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Simple Conversion from Battery to Plug-In

Bluewaterpig

Mar 2, 2016
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Hey guys, new member here. I'm an experienced DIYer from being a guitarist...I've built electronic guitar pedals, modified guitar electronics, etc, and I can solder well enough.

I have a small appliance that runs on 2 D sized batteries. The inner wiring is very easy to access, please see the attached picture. This is an appliance that you leave on for an extended period of time and I'd love to be able to plug it into the wall instead of having to buy more batteries every week.

How would I go about converting this so that I can hook it up to an adapter that plugs into a wall socket? Thanks everyone. image.jpg
 

73's de Edd

Aug 21, 2015
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.

Sir Bluewaterpig . . . . . . .

Looks like you just have yourself a little "Annie Fannie" there.
Which would just be as simple as initially inserting DC metering in its DC current mode across those switch contacts to see what its running speed current consumption is.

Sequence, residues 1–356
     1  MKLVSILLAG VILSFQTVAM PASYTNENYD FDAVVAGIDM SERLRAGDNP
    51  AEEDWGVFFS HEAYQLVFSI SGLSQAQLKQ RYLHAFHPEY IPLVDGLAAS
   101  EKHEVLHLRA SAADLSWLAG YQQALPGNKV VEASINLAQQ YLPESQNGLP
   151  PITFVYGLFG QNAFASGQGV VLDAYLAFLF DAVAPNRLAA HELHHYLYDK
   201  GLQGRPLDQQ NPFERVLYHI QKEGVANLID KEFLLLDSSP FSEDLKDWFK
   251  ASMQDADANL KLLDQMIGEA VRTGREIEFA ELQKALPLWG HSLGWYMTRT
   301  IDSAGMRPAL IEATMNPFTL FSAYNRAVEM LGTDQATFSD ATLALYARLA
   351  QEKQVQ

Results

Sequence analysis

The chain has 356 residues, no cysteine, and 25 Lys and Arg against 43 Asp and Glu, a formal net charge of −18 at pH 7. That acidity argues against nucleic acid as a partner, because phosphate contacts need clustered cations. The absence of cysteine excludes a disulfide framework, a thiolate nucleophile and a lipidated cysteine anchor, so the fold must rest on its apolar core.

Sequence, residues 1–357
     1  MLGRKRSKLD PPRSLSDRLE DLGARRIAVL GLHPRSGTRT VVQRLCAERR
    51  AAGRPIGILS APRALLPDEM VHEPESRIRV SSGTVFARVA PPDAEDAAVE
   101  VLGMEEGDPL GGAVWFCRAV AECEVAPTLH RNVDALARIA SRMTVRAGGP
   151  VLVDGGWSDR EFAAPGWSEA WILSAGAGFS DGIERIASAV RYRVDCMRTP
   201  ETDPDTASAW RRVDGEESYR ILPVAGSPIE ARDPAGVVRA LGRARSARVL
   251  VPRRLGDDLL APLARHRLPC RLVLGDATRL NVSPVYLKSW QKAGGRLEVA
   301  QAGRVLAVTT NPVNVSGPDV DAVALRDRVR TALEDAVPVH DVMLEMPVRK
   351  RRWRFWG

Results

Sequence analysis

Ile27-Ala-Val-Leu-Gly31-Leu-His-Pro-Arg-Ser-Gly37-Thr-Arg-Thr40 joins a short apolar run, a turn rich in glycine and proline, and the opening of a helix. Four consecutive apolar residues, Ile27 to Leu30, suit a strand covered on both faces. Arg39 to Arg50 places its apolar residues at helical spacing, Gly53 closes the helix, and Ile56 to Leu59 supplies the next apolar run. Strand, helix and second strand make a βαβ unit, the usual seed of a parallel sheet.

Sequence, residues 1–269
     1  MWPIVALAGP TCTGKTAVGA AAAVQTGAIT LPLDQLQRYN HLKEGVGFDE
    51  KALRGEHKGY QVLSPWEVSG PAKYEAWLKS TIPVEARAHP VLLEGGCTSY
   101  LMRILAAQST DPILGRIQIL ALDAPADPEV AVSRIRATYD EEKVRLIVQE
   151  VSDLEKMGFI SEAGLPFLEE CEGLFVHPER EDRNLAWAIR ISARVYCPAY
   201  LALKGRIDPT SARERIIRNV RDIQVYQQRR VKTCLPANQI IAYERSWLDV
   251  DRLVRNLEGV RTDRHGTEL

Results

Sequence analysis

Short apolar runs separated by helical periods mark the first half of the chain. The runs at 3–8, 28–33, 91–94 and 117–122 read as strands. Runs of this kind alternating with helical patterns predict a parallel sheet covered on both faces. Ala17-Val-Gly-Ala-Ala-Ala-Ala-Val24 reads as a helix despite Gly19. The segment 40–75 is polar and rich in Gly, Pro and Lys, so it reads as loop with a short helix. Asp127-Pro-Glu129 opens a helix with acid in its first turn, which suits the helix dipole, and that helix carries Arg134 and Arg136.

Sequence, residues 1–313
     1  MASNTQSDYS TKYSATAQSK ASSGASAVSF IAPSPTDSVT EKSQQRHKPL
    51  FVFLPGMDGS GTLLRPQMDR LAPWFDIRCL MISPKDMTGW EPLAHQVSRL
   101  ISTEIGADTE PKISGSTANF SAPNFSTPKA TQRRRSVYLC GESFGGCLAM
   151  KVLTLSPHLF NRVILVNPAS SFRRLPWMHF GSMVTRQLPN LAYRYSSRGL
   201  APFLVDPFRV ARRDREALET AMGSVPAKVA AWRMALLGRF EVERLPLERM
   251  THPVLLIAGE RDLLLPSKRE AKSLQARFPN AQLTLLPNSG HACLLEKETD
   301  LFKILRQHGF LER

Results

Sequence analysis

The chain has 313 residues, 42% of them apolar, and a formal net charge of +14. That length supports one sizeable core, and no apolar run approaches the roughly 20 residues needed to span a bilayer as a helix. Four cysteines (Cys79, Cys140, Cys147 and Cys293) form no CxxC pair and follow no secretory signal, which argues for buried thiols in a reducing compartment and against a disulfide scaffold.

Then you hop on down to your nearest Thrift store and cull through all of their tangled masses of power adapters and find one of about double or thrice the current capacity
that you were finding that motor to be using.
Plop down your "Three Amellican dollahs" to purchase that thang.
Then you install a power connector on the device to interconnect the power adapter to the fan.
In assuming that you opted for an EXTREMELY common 5VDC output adapter, then compute the value of series power dropping resistor . . . .using "ohmmatic law" . . . . in order to drop that 5 volt on down to 3 volts under motor load conditions...

Tha a a a a a a t's it . . . . . unless you happen to have mo' questions.



73's de Edd


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sureshot

Jul 7, 2012
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Hi welcome to the forum. The easiest cheapest way is to mount a low voltage DC chassis socket, say 5.5 mm x 2.5 mm diameters into the housing of this devise. Then use a universal wall adaptor that can meet the voltage and current needs of this device. Other might have different ideas.